An internecine struggle apparently exists within the FDA, according to an article in the New York Times. Those tensions between drug approval officials and drug safety officials are expected to erupt in a House hearing scheduled for June 6.
The agency is taking a lot of heat from politicians for approving drugs that have had side effects, the latest being the diabetes drug Avandia, charged with increasing the risk of heart attacks.
FDA chief Dr. Andrew von Eschenbach told reporters Wednesday that the agency shouldn’t act as a “barrier to the future.” He was quoted as saying:
The point is that we need to look at the role of the F.D.A. in being a bridge to the future, not a barrier to the future.
Representing the opposing sides within the FDA, according to the NYT, are Dr. David Graham, who authored a report stating that Avandia substantially increased the risks of heart attack; and Dr. Robert J. Meyer, an official in the drug review division who decided against the warnings.
From reports it sounds like a debate about Type I and Type II errors, with Type I being the error of rejecting something that should have been accepted, and Type II, accepting something that should have been rejected.
Government agencies are much more prone to make Type I errors. After all, they won’t get into trouble with politicians and the media if they don’t approve something. Nobody knows about it, so they’re safe from disapprobation.
A Type II error, however, is riskier for government employees. It requires a positive action to approve something that may possibly present future problems — including problems for the regulators giving the approval.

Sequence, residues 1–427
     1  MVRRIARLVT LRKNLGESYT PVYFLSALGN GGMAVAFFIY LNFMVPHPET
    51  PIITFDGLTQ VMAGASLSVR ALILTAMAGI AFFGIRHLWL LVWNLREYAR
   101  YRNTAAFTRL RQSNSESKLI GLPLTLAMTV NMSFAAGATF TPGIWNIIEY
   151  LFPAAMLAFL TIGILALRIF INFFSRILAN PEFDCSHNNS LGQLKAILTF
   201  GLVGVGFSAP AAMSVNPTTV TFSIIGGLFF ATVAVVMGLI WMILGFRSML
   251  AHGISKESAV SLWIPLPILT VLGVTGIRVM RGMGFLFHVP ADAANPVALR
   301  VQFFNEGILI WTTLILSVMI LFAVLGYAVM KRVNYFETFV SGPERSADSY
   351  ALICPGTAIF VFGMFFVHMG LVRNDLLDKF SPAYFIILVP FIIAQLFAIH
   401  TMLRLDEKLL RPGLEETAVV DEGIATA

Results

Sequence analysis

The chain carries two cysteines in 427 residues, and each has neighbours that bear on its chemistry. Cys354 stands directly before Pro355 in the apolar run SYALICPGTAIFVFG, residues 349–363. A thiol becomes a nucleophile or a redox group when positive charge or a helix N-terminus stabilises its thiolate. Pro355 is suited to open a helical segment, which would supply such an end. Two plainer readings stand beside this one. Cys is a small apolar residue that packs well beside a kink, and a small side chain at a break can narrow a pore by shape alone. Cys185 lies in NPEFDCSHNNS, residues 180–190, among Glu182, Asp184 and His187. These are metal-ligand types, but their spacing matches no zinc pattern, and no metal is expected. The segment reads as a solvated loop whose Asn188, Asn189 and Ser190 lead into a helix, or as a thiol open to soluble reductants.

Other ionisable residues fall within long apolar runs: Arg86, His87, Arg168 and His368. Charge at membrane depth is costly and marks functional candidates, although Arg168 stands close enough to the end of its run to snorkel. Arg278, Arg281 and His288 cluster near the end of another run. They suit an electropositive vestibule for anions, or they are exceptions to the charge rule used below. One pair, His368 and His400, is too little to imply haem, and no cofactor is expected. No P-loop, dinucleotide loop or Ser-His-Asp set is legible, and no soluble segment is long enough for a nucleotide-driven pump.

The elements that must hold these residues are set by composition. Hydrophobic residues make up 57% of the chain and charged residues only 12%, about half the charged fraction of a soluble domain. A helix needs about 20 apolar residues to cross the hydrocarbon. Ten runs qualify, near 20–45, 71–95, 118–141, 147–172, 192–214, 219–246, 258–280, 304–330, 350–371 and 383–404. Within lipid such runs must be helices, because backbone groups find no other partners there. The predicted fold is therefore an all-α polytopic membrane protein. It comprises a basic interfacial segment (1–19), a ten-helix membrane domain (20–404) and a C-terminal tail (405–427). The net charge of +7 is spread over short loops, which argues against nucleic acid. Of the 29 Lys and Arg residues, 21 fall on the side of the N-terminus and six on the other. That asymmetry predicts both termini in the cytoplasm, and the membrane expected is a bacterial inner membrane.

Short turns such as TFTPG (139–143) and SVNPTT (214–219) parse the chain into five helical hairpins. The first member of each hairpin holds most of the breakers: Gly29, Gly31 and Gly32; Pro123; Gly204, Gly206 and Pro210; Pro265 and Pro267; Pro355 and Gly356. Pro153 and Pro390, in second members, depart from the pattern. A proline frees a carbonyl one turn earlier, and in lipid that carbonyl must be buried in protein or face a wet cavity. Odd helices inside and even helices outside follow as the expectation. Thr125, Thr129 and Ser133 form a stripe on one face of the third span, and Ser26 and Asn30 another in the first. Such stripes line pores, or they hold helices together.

As CEI adjunct fellow Dr. Henry Miller (and other CEI staffers) has noted:
The mistaken approval of such a product is highly visible and has immediate consequences: the media pounces, the public denounces, and Congress pronounces. The developers of the product and the regulators who allowed it to be marketed are excoriated and punished in such modern-day pillories as congressional hearings, television newsmagazines, and newspaper editorials. Because a regulatory official’s career might be damaged irreparably by the good faith but mistaken approval of a high-profile product, decisions are often made defensively—in other words, to avoid Type I errors at any cost.
CEI’s “Death by Regulation” project addresses these issues directly. Sam Kazman commented on CEI’s Survey of Oncologists in January 2007 and made this point again:
In recent years FDA has been repeatedly attacked for approving allegedly defective therapies. But as this physician survey shows, the real threat to public health is that FDA’s approval process is already too long. Any attempt to make it more stringent will only worsen this problem.
We should be glad that tension exists within FDA. If the over-cautious prevail, patients could be denied life-saving drugs.